I tell Elli untruths constantly. I don't think they are appropriately called lies because I have no intention of actually fooling her but I definitely spend a lot of time saying things that are not true. She was fussing about her legs being cold after her bath and I talked about trading them in for a new pair of legs. She didn't believe me at first, but when I told her that the new leg store was beside Canadian Tire she stared at me wide eyed and asked "Really?" No, not really, but it was fun to get her to imagine what colour of legs she would buy there. She settled on legs of exactly the same colour as the current ones because she doesn't want to have different legs - reasonable enough.
I do this for a few reasons. First off it is a lot of fun for me to try to tell her untruths that are right on the edge of her understanding. If I tell her that the moon could fit in her pocket, she knows that I am fibbing. If I tell her that it is about as big as her school she really doesn't know the truth of the matter and has to try to sort out if I am telling the truth or not. Normally I would assume that she could easily realize that there aren't any leg stores out there but the added 'fact' of the store being near to Canadian Tire pushed her over into being unsure. It is a game I play to try to say something that she can just barely figure out isn't true and I enjoy trying to hit that mark.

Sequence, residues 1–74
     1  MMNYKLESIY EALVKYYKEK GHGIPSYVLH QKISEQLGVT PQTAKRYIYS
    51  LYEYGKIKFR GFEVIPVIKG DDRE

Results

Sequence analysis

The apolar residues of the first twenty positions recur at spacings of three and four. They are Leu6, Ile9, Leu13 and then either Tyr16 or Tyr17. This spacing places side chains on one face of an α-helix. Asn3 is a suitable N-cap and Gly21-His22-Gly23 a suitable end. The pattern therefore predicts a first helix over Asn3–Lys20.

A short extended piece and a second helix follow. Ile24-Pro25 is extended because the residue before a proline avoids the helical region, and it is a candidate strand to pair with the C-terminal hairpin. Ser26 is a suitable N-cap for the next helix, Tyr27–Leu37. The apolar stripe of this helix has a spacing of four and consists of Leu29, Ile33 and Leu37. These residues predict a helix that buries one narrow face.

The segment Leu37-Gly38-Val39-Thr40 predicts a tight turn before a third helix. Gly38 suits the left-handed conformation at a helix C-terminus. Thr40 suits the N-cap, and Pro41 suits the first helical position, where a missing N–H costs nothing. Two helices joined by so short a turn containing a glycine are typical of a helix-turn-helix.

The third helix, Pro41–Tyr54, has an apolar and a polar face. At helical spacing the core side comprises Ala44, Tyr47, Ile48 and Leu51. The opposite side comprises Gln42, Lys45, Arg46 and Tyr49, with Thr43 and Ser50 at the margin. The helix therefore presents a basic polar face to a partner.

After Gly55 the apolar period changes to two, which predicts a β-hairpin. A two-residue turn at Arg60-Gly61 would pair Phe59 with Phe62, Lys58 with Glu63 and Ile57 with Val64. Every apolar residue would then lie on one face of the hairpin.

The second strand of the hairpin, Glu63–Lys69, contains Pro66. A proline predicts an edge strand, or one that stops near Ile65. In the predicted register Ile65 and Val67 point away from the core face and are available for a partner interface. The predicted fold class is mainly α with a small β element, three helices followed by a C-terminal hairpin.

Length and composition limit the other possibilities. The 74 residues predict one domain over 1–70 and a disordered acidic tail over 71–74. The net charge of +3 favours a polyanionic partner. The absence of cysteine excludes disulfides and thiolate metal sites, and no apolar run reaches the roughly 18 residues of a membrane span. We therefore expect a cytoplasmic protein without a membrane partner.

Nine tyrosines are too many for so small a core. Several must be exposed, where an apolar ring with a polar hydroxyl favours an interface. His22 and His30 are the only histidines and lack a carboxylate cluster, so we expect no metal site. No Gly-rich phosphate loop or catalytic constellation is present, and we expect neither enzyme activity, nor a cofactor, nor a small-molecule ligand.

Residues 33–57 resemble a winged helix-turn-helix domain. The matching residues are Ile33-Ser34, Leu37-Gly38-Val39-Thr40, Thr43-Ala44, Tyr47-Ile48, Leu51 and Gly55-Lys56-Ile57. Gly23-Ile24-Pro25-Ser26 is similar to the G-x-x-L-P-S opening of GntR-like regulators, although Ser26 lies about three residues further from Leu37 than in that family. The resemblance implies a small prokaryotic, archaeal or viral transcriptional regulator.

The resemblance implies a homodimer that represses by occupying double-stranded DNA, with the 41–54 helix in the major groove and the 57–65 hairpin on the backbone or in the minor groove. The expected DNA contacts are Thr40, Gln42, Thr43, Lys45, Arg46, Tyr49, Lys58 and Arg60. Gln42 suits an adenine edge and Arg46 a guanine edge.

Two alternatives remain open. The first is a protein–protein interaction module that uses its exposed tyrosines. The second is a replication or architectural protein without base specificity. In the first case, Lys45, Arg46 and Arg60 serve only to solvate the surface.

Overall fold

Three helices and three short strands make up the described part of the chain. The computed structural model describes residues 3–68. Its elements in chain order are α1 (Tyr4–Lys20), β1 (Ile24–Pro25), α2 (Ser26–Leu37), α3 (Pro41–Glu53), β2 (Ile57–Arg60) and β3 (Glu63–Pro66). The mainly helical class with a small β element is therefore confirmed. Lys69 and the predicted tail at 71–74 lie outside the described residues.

The other reason of course is to teach her to never believe anything anyone says on the basis of 'somebody said it so it has to be true'. Clearly we have to accept people's word on small things because we can't fact check every statement but when important decisions are being made you have to assume that people might not be telling the truth. It is important to develop a healthy skepticism of things people say that just don't seem right, and also a little bit of doubt about things that *do* seem right. I want her to know that I will always let her in on the joke but that even when someone in authority says something in a utterly certain tone it isn't necessarily correct. Of course when that person is running for public office you can usually assume that anything they say that seems squirrely is entirely false; see leadership debates in pretty much any country.
It is funniest when I end up telling these sorts of whoppers to other kids. Apparently not all parents have fun making things up to see if their kids can tell what is true and what is not so when I try this with other kids they nearly always fall for it hook, line, and sinker. I have had to apologize to other parents when their extremely credulous kids got some nutty idea into their heads and refused to believe it was a joke - so far they have always thought it was funny but someday I am going to dig myself into a big hole. Hopefully what Elli takes away from this is the habit is the knowledge that the sincerity of a person's statement has nothing to do with the truthfulness of it. Truth is tested by science, not zealous presentation.